Leadership Transitions Across the Asia-Pacific

by Tiffany Ma
December 19, 2013

This is one of eleven essays in the “2014 Asia-Pacific Watch List.”

By Tiffany Ma

December 19, 2013

Upcoming elections in Bangladesh, Afghanistan, India, and Indonesia have the potential to bring significant political change across Asia in 2014. The first election to watch is set for January 5 in Bangladesh, where divisive politics and unrest have marked the lead-up to the election. The incumbent Awami League (AL) has refused to create a neutral caretaker government after the end of its term in October, and the main opposition, the Bangladesh Nationalist Party (BNP), has threatened to boycott the upcoming polls. Bangladesh’s success in pulling off a free and credible election would have significant implications for the endurance of the country’s democracy, its relationship with the United States and India, and its long-term political viability. The post-election partisan dynamics will also influence Bangladesh’s national identity as secular Bengalis and Islamists have become increasingly polarized, aligning with the AL and BNP, respectively.

Afghanistan’s national elections on April 5 will usher in a post–Hamid Karzai political era. With over three million registered voters and eleven candidates, the electoral process will be critical for the country’s democracy and future security. Adbullah Abdullah, former foreign minister and head of the National Coalition of Afghanistan, appears to be a top contender; however, the wide field of candidates also includes Ashraf Ghani, former finance minister and economist; Abdul Rab Rassoul Sayyaf, anti-Taliban stalwart and alleged “mentor” to Khalid Sheikh Mohammed; and Abdul Qayum Karzai, the president’s brother. A successful election could reinvigorate foreign financial support. Furthermore, a smooth transition and political resolve for reforms would help sustain hard-earned gains in development, governance, and security. However, President Karzai’s reticence on signing the bilateral security agreement with the United States leaves the country’s security outlook uncertain going into the election year.

In India, strong anti-incumbent sentiment, rising food prices, and allegations of corruption may give the main opposition, the Bharatiya Janata Party (BJP), an edge against the Indian National Congress party in the late spring general elections. The BJP’s campaign, led by prime minister candidate Narendra Modi, has gained momentum by winning four out of the five state elections in November and December. Modi’s supporters hope that his economic track record as chief minister of Gujarat State will boost India’s flagging economy. As neither party is assured of a clear majority, the general elections will likely result in a coalition government. Though Washington has denied Modi a visa since 2005 due to his alleged role in the 2002 Gujarat riots, close relations with the United States would likely continue to be important for either a BJP- or Congress-led government.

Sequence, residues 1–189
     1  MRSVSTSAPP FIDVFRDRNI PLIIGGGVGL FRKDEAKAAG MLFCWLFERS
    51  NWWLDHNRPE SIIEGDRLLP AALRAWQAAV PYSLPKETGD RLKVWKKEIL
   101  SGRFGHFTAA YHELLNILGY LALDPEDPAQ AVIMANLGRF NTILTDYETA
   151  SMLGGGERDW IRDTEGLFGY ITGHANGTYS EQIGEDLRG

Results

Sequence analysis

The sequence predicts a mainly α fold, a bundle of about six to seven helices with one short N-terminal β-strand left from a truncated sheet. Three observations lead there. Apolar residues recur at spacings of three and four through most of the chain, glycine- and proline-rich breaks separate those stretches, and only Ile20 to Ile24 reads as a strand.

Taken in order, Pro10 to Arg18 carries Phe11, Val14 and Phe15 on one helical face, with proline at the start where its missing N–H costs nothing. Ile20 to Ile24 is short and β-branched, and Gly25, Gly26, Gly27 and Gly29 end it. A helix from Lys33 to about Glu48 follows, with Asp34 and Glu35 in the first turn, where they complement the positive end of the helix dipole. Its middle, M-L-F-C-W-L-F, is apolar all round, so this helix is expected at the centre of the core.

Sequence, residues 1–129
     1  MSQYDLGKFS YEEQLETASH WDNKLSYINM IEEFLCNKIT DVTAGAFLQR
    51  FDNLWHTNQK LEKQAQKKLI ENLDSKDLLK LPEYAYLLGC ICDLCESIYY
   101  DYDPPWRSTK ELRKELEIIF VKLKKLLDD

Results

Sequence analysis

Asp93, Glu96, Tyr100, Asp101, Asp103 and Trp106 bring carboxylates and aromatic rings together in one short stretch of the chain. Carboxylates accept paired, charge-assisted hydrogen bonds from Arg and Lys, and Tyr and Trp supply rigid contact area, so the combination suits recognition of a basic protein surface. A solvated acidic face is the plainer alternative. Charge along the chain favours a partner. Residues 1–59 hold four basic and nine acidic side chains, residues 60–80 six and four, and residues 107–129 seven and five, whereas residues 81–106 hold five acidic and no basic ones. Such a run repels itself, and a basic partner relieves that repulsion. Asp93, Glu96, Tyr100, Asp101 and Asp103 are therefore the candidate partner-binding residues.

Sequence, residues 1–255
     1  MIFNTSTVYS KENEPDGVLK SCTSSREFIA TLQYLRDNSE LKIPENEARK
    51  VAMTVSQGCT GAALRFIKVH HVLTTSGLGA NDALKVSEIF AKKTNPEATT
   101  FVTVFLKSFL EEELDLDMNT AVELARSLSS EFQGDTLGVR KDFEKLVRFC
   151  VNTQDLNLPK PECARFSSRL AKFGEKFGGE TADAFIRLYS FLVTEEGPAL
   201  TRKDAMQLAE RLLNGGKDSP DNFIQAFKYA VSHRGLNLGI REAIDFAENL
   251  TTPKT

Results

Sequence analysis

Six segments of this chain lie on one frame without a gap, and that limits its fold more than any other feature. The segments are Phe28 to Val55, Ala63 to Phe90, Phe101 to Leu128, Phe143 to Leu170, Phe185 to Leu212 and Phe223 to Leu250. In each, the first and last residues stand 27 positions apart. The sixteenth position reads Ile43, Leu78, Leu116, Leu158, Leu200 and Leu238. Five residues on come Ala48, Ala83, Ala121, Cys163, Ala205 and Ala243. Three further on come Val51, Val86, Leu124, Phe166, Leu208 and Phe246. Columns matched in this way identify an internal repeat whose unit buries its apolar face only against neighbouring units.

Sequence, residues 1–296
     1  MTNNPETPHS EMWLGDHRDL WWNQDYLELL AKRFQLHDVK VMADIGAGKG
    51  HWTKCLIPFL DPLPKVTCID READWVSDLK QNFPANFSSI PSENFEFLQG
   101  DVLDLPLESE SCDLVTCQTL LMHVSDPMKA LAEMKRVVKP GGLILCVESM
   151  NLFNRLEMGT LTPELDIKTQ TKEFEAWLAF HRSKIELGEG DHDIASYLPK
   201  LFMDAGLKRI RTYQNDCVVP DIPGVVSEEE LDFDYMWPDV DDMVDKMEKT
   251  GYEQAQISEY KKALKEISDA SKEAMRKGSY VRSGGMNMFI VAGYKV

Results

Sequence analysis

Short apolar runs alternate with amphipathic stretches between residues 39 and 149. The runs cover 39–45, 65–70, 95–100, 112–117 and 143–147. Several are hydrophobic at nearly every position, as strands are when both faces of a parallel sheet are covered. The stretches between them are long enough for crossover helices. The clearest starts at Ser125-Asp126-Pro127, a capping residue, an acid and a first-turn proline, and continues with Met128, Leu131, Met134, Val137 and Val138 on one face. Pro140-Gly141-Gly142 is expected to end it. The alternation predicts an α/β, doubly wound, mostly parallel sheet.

Indonesia’s presidential elections will be held on July 9, and the race to lead the world’s third-largest democracy has intensified. Presidential aspirants Prabowo Subianto and Aburizal Bakrie are unsurprising candidates. Voters, however, appear to be rallying around the charismatic Jakarta governor Joko Widodo, known as Jokowi, who represents a break from Suharto-era politics. The catch is that Jokowi needs the endorsement of Megawati Sukarnoputri’s Indonesian Democratic Party of Struggle to be a viable candidate, but this is only posible if she does not run again herself. So far, both Jokowi and Megawati have kept silent about their aspirations.

Tiffany Ma is a Project Manager at NBR, where she manages initiatives and supports project development in the China Security Studies, China’s Rising Leaders, and John M. Shalikashvili Chair in National Security Studies programs.